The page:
REFINANCING ASSOCIATED COSTS
Interest – When you close the transaction on your refinance, there will most likely be some outstanding interest due on the old loan. For example, if you close on August twentieth (and you made your last payment), you will have twenty days interest due on the old loan and ten days prepaid interest on the new loan. Your first payment on the new loan would not be until October 1st since you have already paid all of August’s interest when you closed the refinance transaction (since interest is paid in arrears, a September payment would have paid August’s interest, which has already been paid in closing).
Reconveyance Fee – This fee is charged by your existing lender when they “reconvey” their collateral interest in your property back to you through recording of a Reconveyance.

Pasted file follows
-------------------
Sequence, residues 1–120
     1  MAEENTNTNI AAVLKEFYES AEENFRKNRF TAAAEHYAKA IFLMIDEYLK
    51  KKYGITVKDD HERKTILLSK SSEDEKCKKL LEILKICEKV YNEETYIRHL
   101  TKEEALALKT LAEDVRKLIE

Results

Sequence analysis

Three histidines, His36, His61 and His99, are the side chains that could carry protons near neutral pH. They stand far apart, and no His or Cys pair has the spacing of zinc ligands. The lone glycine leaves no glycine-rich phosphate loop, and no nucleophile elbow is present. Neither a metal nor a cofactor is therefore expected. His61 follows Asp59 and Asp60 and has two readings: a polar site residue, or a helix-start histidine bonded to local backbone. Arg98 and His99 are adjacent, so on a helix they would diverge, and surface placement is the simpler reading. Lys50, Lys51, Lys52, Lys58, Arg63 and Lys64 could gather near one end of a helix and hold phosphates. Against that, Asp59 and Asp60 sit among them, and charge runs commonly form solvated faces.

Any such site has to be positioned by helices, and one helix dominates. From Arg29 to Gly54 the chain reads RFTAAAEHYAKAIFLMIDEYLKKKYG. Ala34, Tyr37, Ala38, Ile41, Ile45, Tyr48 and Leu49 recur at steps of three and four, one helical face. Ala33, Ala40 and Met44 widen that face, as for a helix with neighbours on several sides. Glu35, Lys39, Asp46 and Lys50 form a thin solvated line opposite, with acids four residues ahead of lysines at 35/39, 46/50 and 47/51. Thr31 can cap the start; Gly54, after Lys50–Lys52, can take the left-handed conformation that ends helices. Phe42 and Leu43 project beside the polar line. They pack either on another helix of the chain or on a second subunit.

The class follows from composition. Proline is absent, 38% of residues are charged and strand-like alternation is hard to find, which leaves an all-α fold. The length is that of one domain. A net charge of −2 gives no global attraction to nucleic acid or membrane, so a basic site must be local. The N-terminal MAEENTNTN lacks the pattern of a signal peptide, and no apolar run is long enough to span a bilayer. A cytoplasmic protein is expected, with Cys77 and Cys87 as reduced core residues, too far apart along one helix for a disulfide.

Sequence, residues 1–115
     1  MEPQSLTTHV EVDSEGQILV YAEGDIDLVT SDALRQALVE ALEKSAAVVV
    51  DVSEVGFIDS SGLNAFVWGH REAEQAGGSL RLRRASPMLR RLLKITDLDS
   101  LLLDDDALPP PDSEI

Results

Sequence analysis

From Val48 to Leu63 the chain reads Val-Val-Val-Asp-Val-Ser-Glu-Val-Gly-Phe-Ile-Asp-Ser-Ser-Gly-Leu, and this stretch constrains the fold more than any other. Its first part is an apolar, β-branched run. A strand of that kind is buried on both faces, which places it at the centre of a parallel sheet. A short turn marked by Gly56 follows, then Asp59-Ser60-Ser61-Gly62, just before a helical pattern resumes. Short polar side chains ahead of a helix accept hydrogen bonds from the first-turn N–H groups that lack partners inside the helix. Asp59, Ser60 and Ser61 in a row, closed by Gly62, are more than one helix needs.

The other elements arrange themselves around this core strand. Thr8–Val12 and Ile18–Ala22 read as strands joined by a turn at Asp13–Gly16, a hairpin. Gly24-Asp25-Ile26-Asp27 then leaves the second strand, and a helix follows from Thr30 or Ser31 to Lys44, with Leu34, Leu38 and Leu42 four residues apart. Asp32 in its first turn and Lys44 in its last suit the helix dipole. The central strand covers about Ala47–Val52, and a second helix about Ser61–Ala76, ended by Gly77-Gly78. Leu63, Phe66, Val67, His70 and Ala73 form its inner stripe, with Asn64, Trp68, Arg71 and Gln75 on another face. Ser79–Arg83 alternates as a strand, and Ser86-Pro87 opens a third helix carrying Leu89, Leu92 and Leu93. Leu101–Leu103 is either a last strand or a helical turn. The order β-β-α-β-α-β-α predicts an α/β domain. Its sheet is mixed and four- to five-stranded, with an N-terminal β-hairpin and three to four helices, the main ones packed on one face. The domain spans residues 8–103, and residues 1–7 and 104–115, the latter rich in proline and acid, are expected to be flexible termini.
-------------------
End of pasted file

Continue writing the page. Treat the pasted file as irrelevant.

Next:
Demand Fee – Your existing lender may charge a fee for calculating payoff figures.
Sub-Escrow fee – Though it sounds like an escrow fee, this fee is actually charged by the Title Company. Assume it is an income-generating fee similar to some of the lender fees mentioned above.
Loan Tie-in Fee – This cost is actually charged by the Escrow Company.
Homeowner’s Association Transfer Fee – If you are buying a condominium or a home with a Homeowner’s Association, the association often charges a fee to transfer their ownership documents to you.
Asking Seller to Pay Closing Costs - Rules & Advice
It has become common to ask the seller to pay some or all of the closing costs when you purchase a home. This is financing your closing costs since you will probably pay a little bit more for the property than you would if you were paying your own costs.
On conventional loans you can only ask the seller to pay non-recurring costs, not prepaid fees or items to be paid in advance. If you are putting ten percent or more down, the most the seller can contribute is six percent of the purchase price. If you are putting less down, the most the seller can contribute is three percent.